Transparency and accountability
We work hard in order to not just meet, but wherever possible exceed, legal standards and research guidelines for the husbandry, care and use of animals.
Research involving regulated procedures is licensed and strictly regulated by the Home Office under the Animals (Scientific Procedures) Act 1986, and the University and its researchers are subject to inspection by the Home Office who examine all aspects of animal research, care and welfare.
There are three levels of licensing that are required before any regulated work is performed:
- The place (establishment licence)
- The project (project licence)
- The person (personal licence)
We are committed to following animal research guidelines developed by learned societies and organisations (for example IAT, LASA, LAVA), exceeding legal standards of care (ASPA 1986) and fostering a culture of care among our staff and researchers who work with animals.
We work hard in order to not just meet, but wherever possible exceed, legal standards and research guidelines for the husbandry, care and use of animals. The care of animals is in the hands of trained, experienced and dedicated staff.
The University of Sheffield is a signatory to the Concordat on Openness in Animal Research.
Signed by 127 higher education institutions, bio-industry companies, charities and research councils, this pledges transparency and public engagement on research involving animals. The Concordat informs our standards and governance.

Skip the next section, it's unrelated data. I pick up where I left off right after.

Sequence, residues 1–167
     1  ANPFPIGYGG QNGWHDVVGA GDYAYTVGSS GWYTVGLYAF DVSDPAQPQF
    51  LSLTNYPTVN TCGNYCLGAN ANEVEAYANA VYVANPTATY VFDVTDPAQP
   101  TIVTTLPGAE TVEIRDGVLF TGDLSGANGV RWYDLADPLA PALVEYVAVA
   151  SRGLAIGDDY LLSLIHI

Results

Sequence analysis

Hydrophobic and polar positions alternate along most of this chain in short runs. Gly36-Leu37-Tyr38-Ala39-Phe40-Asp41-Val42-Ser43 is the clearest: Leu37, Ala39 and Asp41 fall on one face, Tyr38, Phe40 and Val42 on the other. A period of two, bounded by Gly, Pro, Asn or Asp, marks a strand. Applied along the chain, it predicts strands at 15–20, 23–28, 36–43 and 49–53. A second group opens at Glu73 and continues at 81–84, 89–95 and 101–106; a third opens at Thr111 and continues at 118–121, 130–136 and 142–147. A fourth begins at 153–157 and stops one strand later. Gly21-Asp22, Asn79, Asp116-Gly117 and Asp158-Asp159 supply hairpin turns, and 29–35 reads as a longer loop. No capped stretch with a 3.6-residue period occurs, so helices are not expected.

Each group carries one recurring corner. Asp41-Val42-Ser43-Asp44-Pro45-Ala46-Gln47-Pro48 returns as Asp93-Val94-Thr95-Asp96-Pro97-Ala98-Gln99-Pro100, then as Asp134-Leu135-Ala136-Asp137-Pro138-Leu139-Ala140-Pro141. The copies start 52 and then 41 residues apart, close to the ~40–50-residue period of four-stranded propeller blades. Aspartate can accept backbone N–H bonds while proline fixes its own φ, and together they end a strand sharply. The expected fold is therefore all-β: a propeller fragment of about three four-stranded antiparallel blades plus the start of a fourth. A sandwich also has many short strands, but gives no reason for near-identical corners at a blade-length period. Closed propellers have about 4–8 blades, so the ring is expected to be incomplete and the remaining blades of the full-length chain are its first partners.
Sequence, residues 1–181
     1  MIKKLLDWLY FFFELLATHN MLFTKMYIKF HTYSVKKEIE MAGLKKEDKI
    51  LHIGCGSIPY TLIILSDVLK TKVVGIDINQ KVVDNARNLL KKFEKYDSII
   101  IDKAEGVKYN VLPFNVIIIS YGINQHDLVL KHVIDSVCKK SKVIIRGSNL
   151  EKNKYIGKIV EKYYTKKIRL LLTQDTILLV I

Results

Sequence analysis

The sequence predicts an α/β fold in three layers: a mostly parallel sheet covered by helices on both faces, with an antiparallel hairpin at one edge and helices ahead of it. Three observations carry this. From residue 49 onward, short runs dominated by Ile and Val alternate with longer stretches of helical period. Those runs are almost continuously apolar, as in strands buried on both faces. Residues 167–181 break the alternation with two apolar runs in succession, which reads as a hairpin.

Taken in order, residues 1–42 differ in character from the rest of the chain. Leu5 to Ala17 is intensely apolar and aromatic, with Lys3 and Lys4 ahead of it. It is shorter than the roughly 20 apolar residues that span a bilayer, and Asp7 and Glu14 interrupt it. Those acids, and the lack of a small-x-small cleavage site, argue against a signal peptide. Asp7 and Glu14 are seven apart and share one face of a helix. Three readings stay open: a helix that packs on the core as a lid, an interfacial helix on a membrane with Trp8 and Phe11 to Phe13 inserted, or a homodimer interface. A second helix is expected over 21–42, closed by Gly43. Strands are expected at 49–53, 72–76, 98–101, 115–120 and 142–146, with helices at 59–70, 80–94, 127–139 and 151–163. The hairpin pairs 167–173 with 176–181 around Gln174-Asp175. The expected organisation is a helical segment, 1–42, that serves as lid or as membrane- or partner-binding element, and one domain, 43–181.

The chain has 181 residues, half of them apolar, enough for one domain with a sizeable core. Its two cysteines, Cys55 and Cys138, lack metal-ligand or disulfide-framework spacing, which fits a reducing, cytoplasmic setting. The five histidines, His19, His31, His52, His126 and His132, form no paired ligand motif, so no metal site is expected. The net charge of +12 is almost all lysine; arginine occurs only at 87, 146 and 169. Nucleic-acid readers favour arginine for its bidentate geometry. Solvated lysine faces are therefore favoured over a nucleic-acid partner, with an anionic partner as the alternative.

All of our research is underpinned by the guiding principles of the 3Rs, Replacement, Reduction and Refinement, see the National Centre for the Replacement, Refinement and Reduction of Animals in Research (NC3Rs). Our scientists are dedicated to replacing the use of animals with alternative techniques, avoiding the use of animals altogether; reducing the number of animals used to a minimum by carefully designing experiments that yield statistically robust data; and refining procedure to minimise any pain, suffering, distress or lasting harm to the animals under study. When an alternative method is available, the University is legally required to use it, ensuring that animals are only used in research when absolutely necessary.
As an organisation we fully support and endorse the Animal Research: Reporting of In Vivo Experiments guidelines, developed to improve the design, analysis and reporting of animal research.